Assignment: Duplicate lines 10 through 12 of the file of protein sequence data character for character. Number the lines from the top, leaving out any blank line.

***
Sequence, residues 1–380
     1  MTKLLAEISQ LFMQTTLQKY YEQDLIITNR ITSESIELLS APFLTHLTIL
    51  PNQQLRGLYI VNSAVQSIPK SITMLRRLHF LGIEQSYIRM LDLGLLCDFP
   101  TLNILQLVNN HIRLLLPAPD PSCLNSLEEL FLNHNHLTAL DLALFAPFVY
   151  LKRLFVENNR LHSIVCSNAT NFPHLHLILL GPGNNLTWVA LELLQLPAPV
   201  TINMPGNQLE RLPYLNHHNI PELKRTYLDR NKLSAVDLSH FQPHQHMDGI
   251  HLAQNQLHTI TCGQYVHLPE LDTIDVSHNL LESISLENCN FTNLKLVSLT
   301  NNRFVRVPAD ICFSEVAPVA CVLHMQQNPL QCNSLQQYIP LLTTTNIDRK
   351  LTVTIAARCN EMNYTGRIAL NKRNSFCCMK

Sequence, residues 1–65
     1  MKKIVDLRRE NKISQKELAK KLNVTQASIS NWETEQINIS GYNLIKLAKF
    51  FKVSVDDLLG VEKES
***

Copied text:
Sequence, residues 1–65
     1  MKKIVDLRRE NKISQKELAK KLNVTQASIS NWETEQINIS GYNLIKLAKF
    51  FKVSVDDLLG VEKES